UnNews:Super Bowl to feature platitudes, advertisements
From Uncyclopedia, the content-free encyclopedia
Super Bowl to feature platitudes, advertisements
The one that Univisión did not buy out
Tuesday, May 24, 2016, 06:19:UTC)(
7 February 2010
The event has become a de-facto national holiday. This year, viewership will be especially high in the Washington Beltway, where an improbable winter snowstorm means that local roads are dominated by foreigners and Floridians who can't imagine that they will not get full performance from their car's brakes. Consequently, anyone with a television will not venture outside.
Viewers who never follow the NFL will claim that they are only watching to view the advertisements. Sponsors pay over $1 million per minute for placement during breaks of the Super Bowl, and the ads are thought to be the best the advertising business can produce. A popular genre is ads for beverages and beer that use humor and animals to avoid making any statement about the product. In the United States, it is as taboo to show beer in its typical consumer use as though it were toilet paper. Another genre is brief, cryptic ads to goose traffic to new websites that have about two weeks of life left after spending their entire seed capital on the ads.
However, Super Bowl Sunday marks a vacation from the American orthodoxy that everything on television must deliver a healthy message to the nation's youngsters. Commercials will show abuse of co-workers and objectification of women, while the program itself shows athletes strutting and exchanging High Fives based on a hard hit on the wrong side of the field during a game-winning scoring play for the opponents.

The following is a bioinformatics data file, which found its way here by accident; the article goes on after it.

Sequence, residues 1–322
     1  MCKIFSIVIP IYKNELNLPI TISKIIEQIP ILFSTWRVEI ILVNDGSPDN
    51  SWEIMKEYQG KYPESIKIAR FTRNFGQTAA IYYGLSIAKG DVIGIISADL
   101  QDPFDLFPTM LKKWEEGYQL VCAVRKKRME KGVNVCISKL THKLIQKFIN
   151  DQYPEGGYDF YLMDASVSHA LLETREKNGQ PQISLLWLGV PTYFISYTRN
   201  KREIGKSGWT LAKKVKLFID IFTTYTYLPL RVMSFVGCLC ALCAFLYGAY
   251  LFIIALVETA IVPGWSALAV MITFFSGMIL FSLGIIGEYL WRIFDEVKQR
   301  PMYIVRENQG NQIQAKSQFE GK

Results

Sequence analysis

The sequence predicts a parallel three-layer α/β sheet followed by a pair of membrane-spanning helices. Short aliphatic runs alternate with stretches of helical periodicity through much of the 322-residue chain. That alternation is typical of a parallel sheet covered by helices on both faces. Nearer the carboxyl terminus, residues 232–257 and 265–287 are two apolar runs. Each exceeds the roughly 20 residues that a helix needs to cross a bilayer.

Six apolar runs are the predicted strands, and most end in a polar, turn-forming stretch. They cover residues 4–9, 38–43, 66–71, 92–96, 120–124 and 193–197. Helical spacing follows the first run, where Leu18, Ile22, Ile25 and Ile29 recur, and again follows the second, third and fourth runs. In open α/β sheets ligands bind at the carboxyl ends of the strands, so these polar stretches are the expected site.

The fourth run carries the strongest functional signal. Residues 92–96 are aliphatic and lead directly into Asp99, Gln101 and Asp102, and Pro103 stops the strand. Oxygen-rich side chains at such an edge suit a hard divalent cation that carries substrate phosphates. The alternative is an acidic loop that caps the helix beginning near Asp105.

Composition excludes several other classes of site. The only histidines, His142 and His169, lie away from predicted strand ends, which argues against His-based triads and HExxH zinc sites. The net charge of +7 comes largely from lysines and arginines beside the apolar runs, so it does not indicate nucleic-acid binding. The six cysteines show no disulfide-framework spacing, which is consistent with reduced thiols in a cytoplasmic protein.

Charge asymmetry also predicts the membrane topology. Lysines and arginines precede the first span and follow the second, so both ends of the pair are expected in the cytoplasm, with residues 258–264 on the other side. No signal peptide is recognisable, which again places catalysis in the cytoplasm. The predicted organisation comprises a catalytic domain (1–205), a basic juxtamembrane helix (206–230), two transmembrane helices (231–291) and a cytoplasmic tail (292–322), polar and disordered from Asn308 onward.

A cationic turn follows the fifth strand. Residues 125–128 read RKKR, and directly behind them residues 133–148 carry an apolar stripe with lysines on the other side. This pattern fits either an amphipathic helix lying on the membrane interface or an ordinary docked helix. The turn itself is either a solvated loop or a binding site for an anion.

The game itself is between the Indianapolis Colts, whom bettors favor by 5 points, and a team from the South, which used to be known as the Aints after they played an entire season and ain't won nuthin.' Betting on the Super Bowl, incidentally, is illegal throughout the United States, and no one engages in it.
The odd twist to this story is that Colts quarterback Peyton Manning grew up in New Orleans and used to root for his father, who played for his current opponent. Likewise, Drew Brees, the leader of the Aints, has a map on his wall that probably includes Indianapolis. The network is likely to run dozens of tedious "human-interest features" instead of live coverage of important plays.
The Aints are not as horrible as in past years, but some of their fans who attend today's game in Miami, and some fans watching at home, will continue to wear paper shopping bags over their heads in a nod to the team's storied history. "It's important for not only the people in New Orleans, but I think the people around the country because you do understand how much it means to that community and what they've been through," Brees says. It was barely four years ago that Hurricane Katrina destroyed the city, an event its residents still mope about, even though Mississippi and Texas repaired the damage before 2005 was over. The 2010 Super Bowl will give municipal workers another reason to delay repaving the city's streets.
For his part, Manning praises the fans in Indianapolis. "What has been exciting for me since I have lived there, it's always been a sports town, but it's really turned into a football town." Manning claims he never sees city residents on Sunday who are not interested in the Colts.
In the NFL tradition of saying good things about opponents shortly before trying to send them to the hospital, Manning says, "I feel like both teams have gotten to this point because of the success of the teams," charitably ignoring the fact that New Orleans deliberately lost its final two regular-season games on the pretense of "resting" key players. However, the team let fans attend the imitation football games on the payment of Monopoly money.